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InfoQ Homepage News Azure Event Grid Supports MQTT Last Will and Testament in Public Preview

Azure Event Grid Supports MQTT Last Will and Testament in Public Preview

Recently, Microsoft announced the public preview release of the Last Will and Testament (LWT) support in Azure Event Grid's MQTT broker capability, which complies with the MQTTv3.1.1 and MQTTv5 specifications.

Azure Event Grid is a cloud event broker that enables developers to integrate their solutions using mechanisms like HTTP pull delivery, HTTP push delivery, and MQTT broker capability. The latter capability, introduced in June last year, leverages standard features from the MQTT protocol to enable clients to communicate in a reliable, secure, and scalable manner.

MQTT, previously known as "MQ Telemetry Transport," is a lightweight pub-sub protocol initially developed by IBM as a companion to its MQ product. IBM later proposed its standardization to OASIS, transforming the initial specification into version 3.1.1. Subsequently, version 5.0 evolved from this groundwork, with substantial contributions from Microsoft during the development process by the Oasis MOTT Technical Committee.

Developers can now leverage LWT in the MQTT broker functionality of Azure Event Grid, ensuring the predictable and dependable flow of communication among MQTT clients during unexpected disconnections. For example, in IoT systems where data flow is continuous, other devices must detect this situation and take the necessary precautions if a device unexpectedly loses its connection. LWT is an ideal solution for such scenarios. LWT allows a device to publish its last message on a specified topic through the broker, enabling other devices to detect this situation and take the necessary precautions quickly.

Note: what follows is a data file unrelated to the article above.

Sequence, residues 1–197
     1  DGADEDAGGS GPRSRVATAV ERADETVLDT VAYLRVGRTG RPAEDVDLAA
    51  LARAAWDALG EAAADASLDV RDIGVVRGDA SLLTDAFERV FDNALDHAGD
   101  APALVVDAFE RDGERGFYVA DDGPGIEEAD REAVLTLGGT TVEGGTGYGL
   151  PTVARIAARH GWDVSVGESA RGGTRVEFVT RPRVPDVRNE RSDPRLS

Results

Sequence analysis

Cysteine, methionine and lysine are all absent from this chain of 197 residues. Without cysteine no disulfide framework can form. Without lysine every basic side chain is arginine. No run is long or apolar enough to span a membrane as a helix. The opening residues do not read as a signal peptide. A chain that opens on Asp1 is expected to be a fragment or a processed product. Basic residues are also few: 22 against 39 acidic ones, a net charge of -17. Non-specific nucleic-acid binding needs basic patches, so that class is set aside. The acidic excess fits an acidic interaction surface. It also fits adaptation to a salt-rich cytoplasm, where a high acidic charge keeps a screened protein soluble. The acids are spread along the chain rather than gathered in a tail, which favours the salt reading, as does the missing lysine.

(Source: Tech community blog post)

LWT operates by including a "will message" and relevant properties in the CONNECT packet during client connection to the MQTT broker. The will message is disregarded if a client disconnects gracefully with reason code 0x00 using the MQTT DISCONNECT packet. However, the broker will publish the message to all subscribed clients if the disconnection is ungraceful. Subscribers can respond quickly by redistributing tasks, reallocating responsibilities, or adjusting behavior to maintain system performance and stability.

Other public cloud providers like AWS and Google offer a service similar to Azure Event Grid. For instance, AWS EventBridge, a serverless event bus service that makes it easy to connect applications using data from other applications, integrated Software-as-a-Service (SaaS) applications, and AWS services. Yet it does not have an MQTT broker feature like Azure EventGrid since it primarily focuses on HTTP/S and AWS services integration; however, developers can bridge MQTT clients with Amazon EventBridge using custom event buses and integrating with AWS services like AWS IoT Core or AWS Lambda. Similarly, Google’s Eventarc does not have an MQTT broker capability. On the Google Cloud, developers can run a standalone MQTT broker on Compute Engine or GKE.

Microsoft remains committed to MQTT enhancements within Event Grid as George Guirguis, a product manager of Azure Messaging at Microsoft, writes:

Event Grid is committed to ongoing investment in MQTT features to align with MQTT specifications and better support evolving IoT scenarios, ensuring continuous enhancement to meet industry demands.

Lastly, Azure Event Grid uses a pay-per-event pricing model; its pricing details are available on the pricing page.

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